My boys are very keen on four-cheese pasta, just about the only ready-made food I still buy: tortelloni with a mixture of cheeses. Waitrose has sold an own-brand version for years, and that is what I've always bought them. Until this week, when it had vanished from the shelves, in its place a branded version made by Del'Ugo.
On the back of the unfamiliar new pack I found a letter from the owner of the business, Paul Ugo, about its history. And I realised that Paul's grandfather was the man my grandfather bought pasta from for three decades. Let me re-wind a little here.
My grandparents met in 1915 in Italy, both members of a Red Cross unit led by the historian GM Trevelyan which served the Italian armies fighting the vicious mountaineering war on the Isonzo front. My grandmother was a VAD nurse, my grandfather the unit administrator. Amongst other legacies of that terrible time, my grandparents were left with a lifelong love of Italy and Italian food (also the ability to talk in fast and fluent Italian when they didn't want us to know what they were saying).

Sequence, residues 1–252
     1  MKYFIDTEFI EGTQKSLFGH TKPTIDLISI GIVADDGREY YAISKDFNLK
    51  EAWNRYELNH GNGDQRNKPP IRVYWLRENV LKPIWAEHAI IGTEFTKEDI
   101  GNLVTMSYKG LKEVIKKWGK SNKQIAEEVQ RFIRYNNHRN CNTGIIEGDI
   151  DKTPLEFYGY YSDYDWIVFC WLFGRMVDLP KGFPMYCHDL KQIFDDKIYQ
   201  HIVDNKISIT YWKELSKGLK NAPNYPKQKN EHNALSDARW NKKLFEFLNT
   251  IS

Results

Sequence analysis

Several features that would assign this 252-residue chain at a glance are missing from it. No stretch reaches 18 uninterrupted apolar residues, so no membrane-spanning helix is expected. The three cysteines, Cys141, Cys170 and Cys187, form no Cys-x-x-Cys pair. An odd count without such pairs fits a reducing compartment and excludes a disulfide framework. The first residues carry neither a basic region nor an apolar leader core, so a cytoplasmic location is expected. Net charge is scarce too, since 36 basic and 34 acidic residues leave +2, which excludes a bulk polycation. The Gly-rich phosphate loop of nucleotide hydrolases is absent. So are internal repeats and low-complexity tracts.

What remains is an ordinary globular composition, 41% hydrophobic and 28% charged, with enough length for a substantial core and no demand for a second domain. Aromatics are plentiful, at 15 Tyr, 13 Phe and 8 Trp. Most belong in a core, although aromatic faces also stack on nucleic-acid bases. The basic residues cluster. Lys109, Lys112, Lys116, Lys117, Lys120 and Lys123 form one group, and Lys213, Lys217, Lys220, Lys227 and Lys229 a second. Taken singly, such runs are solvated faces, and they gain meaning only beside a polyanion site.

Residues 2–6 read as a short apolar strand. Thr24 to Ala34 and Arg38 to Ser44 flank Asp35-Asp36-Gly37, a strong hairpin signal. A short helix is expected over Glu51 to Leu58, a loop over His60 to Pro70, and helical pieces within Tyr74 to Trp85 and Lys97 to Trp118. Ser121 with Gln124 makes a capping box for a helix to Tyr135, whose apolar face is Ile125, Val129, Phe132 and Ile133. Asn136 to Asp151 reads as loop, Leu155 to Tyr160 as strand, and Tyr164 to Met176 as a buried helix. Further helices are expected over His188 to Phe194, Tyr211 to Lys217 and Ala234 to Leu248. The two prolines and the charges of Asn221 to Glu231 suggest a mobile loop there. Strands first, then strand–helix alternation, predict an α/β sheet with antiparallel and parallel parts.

Luigi Ugo arrived in London in 1921 aged 14, and began making fresh pasta by hand for restaurants. He opened a shop in Gerrard Street in 1929, which soon expanded so that he was able to import machinery from Italy to establish a small fresh pasta factory.
And so on Saturdays, my grandfather, on his way home from work at the British Museum, where he was Keeper of Incunabula, would walk to Soho to Luigi Ugo's shop to buy fresh pasta. When they moved to Oxford, they missed Luigi's shop - I remember them pining for it. Instead, they befriended the Italian proprietors of the Luna Caprese in North Parade - but that's another story of family connections, discovered at the school gate when my younger daughter was five years old.
PS the photograph shows my grandfather arriving at our wedding on the arm of my uncle, who is now about the same age as my grandfather was when the picture was taken
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